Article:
towards the end. Thus, on the one hand, it is by no means necessar
for a reader of this book to have been exposed to real analysis; an
yet, on the other hand, such prior exposure cannot help but increas
the book’s accessibility.
Students taking a first course on this topic typically have divers
backgrounds among engineering, mathematics and the natural or so
cial sciences. The range of potential applications is correspondingl
broad: the calculus of variations and optimal control theory hav
been widely used in numerous ways in, e.g., biology [27, 35, 58],
criminology [18], economics [10, 26], engineering [3, 49], finance [9
management science [12, 57], and physics [45, 63] from a variet
of perspectives, so that the needs of students are too extensive t
be universally accommodated. Yet one can still identify a solid cor
of material to serve as a foundation for future graduate studies, re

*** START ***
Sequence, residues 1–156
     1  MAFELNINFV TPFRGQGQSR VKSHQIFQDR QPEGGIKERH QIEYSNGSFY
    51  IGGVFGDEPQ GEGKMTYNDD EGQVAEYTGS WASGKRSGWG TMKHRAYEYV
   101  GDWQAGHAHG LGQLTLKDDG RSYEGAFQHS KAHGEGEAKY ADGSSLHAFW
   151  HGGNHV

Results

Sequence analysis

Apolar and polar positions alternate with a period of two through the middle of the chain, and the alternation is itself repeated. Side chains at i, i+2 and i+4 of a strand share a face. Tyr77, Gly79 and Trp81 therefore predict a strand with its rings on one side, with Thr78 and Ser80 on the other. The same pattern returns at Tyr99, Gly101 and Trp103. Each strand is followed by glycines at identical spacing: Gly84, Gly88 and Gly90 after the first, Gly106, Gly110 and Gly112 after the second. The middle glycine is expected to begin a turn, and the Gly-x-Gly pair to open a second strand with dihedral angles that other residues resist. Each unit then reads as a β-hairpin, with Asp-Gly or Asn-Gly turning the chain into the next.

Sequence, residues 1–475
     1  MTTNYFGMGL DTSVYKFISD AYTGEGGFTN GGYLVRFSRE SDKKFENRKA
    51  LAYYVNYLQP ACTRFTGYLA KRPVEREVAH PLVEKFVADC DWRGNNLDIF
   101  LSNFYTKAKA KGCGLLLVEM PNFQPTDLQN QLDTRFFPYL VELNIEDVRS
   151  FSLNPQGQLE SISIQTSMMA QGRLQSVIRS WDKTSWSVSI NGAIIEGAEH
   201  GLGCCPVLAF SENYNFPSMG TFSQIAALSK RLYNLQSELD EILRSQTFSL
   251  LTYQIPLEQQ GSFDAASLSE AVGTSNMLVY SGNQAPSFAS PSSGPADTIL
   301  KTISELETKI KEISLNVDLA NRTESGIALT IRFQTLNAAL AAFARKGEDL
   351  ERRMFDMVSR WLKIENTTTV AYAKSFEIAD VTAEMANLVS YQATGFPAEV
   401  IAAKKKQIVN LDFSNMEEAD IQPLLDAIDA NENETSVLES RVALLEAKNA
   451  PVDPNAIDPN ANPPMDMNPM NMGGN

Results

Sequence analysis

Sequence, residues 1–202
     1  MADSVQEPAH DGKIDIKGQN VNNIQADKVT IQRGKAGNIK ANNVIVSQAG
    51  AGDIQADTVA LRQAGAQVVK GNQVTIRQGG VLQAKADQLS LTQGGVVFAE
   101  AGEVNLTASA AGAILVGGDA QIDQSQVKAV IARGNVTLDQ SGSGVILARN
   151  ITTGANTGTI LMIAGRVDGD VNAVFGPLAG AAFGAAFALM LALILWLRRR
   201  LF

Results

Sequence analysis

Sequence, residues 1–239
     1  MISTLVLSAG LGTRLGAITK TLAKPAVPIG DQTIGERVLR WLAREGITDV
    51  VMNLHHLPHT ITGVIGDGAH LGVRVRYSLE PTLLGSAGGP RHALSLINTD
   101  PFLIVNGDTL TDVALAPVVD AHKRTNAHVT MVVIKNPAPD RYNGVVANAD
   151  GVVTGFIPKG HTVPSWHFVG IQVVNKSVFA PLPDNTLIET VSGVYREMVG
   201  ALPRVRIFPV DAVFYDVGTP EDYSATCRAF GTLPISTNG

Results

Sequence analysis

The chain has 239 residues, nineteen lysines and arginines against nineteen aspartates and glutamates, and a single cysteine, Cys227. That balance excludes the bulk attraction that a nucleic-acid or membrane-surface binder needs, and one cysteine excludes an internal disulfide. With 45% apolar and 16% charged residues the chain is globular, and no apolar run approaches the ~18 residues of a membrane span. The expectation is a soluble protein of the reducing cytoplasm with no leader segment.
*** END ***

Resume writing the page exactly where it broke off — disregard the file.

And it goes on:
gardless of academic discipline, or whether those studies are applie
or theoretical. It is this core of material that I seek to expoun
as lucidly as possible, and in such a way that the book is suitabl
not only as an undergraduate text, but also for self-study. In othe
words, this book is primarily a mathematics text, albeit one aime
across disciplines. Nevertheless, I incorporate applications—cance
chemotherapy in Lecture 20, navigational control in Lecture 22 an
renewable resource harvesting in Lecture 24—to round out the theme
developed in the earlier lectures.
Arnold Arthurs introduced me to the calculus of variations i
1973-74, and these lectures are based on numerous sources consulte
at various times over the 35 years that have since elapsed; sometime
with regard to teaching at FSU; sometimes with regard to my own re
search contributions to the literature on optimal control theory; an
only recently with regard to this book. It is hard now to judge th
relative extents to which I have relied on various authors. Neverthe
less, I have relied most heavily on—in alphabetical order—Akhieze
[1], Bryson & Ho [8], Clark [10], Clegg [11], Gelfand & Fomin [16
Hadley & Kemp [19], Hestenes [20], Hocking [22], Lee & Marku
[33], Leitmann [34], Pars [47], Pinch [50] and Pontryagin et al. [51
and other authors are cited in the bibliography. I am grateful to a
of them, and to each in a measure proportional to my indebtedness
numbers in square brackets denote references in the bibliography (p. 245
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